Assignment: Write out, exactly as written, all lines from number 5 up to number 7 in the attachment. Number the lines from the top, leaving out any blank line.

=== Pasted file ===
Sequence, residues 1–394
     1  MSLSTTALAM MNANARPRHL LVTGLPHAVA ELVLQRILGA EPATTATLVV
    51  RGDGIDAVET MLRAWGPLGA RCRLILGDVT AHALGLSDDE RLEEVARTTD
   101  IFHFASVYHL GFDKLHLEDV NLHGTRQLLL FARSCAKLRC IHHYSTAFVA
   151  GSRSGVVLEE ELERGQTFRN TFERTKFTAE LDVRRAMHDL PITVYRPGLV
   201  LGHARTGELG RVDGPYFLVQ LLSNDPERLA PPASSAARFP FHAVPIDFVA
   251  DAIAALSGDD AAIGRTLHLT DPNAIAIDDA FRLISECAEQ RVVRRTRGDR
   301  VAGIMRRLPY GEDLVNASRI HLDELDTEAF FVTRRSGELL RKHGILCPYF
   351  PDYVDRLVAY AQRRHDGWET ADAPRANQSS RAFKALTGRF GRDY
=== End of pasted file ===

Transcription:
   151  GSRSGVVLEE ELERGQTFRN TFERTKFTAE LDVRRAMHDL PITVYRPGLV
   201  LGHARTGELG RVDGPYFLVQ LLSNDPERLA PPASSAARFP FHAVPIDFVA
   251  DAIAALSGDD AAIGRTLHLT DPNAIAIDDA FRLISECAEQ RVVRRTRGDR